Samsung's Request for New Trial in Apple Case Rests on Dec. 6 Hearing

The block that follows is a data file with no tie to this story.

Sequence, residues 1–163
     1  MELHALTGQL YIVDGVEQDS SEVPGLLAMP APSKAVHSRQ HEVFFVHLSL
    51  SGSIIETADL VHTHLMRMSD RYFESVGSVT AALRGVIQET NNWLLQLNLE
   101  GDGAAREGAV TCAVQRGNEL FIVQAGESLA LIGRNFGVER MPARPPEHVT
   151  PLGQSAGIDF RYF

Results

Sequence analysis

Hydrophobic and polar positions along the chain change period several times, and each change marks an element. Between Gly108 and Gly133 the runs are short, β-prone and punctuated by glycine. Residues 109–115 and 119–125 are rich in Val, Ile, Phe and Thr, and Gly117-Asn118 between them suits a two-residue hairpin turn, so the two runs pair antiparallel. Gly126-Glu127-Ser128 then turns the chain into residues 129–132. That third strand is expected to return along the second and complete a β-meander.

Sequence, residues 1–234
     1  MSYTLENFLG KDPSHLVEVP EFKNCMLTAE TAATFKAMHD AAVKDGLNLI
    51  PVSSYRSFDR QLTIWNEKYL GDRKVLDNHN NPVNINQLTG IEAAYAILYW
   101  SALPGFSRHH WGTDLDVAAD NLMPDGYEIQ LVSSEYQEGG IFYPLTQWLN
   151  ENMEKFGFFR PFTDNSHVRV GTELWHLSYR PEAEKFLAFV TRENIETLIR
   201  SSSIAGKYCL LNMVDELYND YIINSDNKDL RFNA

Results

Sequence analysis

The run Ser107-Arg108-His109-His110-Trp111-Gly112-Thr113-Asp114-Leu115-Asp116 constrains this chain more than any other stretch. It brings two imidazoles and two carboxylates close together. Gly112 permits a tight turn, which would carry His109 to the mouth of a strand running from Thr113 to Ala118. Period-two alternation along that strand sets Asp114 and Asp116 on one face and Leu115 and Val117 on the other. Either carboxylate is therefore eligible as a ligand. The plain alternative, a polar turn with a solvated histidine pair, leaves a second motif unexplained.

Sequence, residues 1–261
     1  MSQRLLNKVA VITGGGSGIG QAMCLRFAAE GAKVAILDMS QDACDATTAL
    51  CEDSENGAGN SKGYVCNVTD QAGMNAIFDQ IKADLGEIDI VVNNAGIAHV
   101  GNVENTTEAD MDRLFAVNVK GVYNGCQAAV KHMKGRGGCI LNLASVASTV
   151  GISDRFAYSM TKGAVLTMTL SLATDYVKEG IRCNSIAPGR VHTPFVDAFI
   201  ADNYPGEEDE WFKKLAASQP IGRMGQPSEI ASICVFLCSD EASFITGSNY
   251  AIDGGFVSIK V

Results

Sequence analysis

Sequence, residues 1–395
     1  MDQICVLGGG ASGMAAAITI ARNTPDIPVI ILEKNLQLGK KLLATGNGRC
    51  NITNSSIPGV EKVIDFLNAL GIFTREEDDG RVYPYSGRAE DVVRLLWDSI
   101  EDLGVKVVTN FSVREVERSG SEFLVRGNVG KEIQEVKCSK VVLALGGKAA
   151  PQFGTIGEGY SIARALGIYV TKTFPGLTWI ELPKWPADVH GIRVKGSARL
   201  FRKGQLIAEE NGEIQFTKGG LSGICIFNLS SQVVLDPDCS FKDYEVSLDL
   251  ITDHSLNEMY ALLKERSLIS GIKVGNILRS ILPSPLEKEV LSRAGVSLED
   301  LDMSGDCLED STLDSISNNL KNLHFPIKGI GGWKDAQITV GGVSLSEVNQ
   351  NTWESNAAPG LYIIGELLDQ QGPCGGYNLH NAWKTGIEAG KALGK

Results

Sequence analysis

The smartphone maker claims the jury foreman in the $1.05 billion verdict against Samsung failed to disclose his litigation history.A hearing is scheduled for Dec. 6 in a California courthouse to hear Samsung's argument that juror misconduct should prompt a judge to order a new trial in the case brought against Samsung by Apple over patent infringement. The jury handed down a series of verdicts Aug. 24 that resulted in Samsung being ordered to pay $1.05 billion in damages to Apple for infringing on various Apple patents in the design of Samsung's own tablet computers and smartphones. But Samsung is trying to overturn the verdict by arguing that Velvin Hogan, the jury foreman, failed to disclose litigation in which he was involved that could have indicated bias against Samsung. Legal analyst and blogger Pamela Jones, on the legal issues Website Groklaw, writes that Judge Lucy Koh, who presided over the trial, has three main issues to consider in weighing Samsung's motion for a new trial: whether Hogan's undisclosed information about being involved in a lawsuit was material, when Apple learned of the potential conflict and disclosed it, and whether Hogan presented his own legal arguments about patent law during jury deliberations that were improper. According to court records, Hogan was asked during voir dire—the process of screening all prospective jurors by asking questions that could reveal bias—whether he had been involved in any litigation in the past. He disclosed that he was sued by an employee of a company Hogan owned over ownership of patented software. In the case, the employee said he owned the software, but Hogan argued the company did. The case was settled and sometime afterward, the company went out of business.